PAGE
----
If Paul Stiffler hadn’t injured his back, the Statue of Liberty might not be where it is today—in the woods in Sangerville, Maine (pop. 1,401). Nor would some two dozen fairy tale figures and characters from comic strips and other sources that spark Stiffler’s imagination.
Stiffler continues a fantasyland begun about 20 years ago by Maine resident Ardell Flanders, who carved figures in the woods to delight his wife. His “Enchanted Forest” ended up charming thousands of visitors, including Stiffler and his two young sons. “I just loved going up there, seeing all the kids playing around,” Stiffler says. Eventually the carvings deteriorated, and when Flanders could no longer maintain the forest, he closed it permanently, putting to rest even its name.
One evening, Stiffler and a friend, Brian Campbell, were lamenting its demise. “We both hated seeing the forest close.” Campbell mentioned a piece of idle land on a farm he and his mother owned in Sangerville as a possible site for a new forest. After broaching the subject to his mother, Shirley, she agreed to let him use the property.
Since liability had become a concern in the original Enchanted Forest, Stiffler asked the Kiwanis Club to help insure the new setting. With assistance from the Kiwanis and the Knights of Columbus, Campbell and Stiffler cleared brush from a two-acre plot. “We rented a chipper so there’s a nice soft wood chip flooring.” Then Stiffler fired up his chain saw and wooden inhabitants began appearing in the “Forest of Dreams and Meadow of Enchantment.”
Such rough sculpting differs from handcrafting toys and furniture for children, a career Stiffler has enjoyed for about 10 years. Before that, he was a truck driver, forced by an injury to find a new line of work. An interest in woodworking led him to Heritage Toys and Collectibles (a business he later bought) where he discovered an aptitude for designing and making toys. One of his creations, a Nutcracker pull toy, was on display a few Christmases ago at the White House. A resident of nearby Dover-Foxcroft (pop. 2,592), Stiffler also has made a wooden castle that was featured in the television show Guiding Light.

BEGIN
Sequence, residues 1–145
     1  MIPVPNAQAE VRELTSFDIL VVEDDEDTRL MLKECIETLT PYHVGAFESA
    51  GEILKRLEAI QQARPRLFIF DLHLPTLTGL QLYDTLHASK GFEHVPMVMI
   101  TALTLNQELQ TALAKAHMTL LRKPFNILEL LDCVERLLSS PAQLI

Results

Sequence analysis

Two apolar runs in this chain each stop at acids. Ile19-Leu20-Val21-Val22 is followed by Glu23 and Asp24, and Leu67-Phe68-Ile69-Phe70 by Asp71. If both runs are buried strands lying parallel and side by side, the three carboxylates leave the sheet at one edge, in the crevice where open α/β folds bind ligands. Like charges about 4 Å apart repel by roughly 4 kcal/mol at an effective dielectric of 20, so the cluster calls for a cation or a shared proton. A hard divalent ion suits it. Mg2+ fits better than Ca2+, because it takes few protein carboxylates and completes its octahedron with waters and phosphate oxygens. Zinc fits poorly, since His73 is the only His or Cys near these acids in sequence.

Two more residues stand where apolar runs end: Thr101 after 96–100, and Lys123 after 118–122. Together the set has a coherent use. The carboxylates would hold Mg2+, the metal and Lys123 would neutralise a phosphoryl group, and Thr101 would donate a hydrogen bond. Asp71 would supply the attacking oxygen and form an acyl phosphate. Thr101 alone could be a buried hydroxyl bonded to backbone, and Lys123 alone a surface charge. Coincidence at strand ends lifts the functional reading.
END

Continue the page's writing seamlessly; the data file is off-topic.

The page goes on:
He continues to turn out thousands of toys a year and in his spare time carves creatures and characters for the forest. “It’s a lot of fun, and people get a big kick out of it.”
Not knowing what will appear next is part of the attraction for repeat visitors. “I always go back to see what’s been added,” says summer vacationer Dave Maney. His 12-year-old granddaughter, Nicole Reynolds, agrees. “I like to go back every year to see if there’s anything new. It’s also a tradition in our family.”
On their next visit they may see what Stiffler’s now preparing: a pirate ship and a covered bridge across a stream. “The ship will be interactive,” he says. “You can move around the cannons and things.” When the bridge is done, a foot trail will follow the brook through the woods.
The additions will join a mother and baby bear carved on a log, Lucy’s lunch counter with its wooden sandwiches and hot dogs, Santa, benches topped with hand-painted checker boards, Linus, an Indian village, pirates, and a host of other charmers. “The sea serpent is three separate pieces,” Stiffler says. “One is the head, the middle is like the hump coming out of water, and one piece is the tail. It’s right next to the stream,” he adds, suggesting fertile ground for fertile imaginations.
The figures’ heights range from one-foot-tall carved bears to the Statue of Liberty, which stands about five and a half feet. Stiffler doesn’t have a particular favorite, but “I still have ideas galore,” he says, leaving one to wonder who and what will appear next in the Forest of Dreams, the Meadow of Enchantment.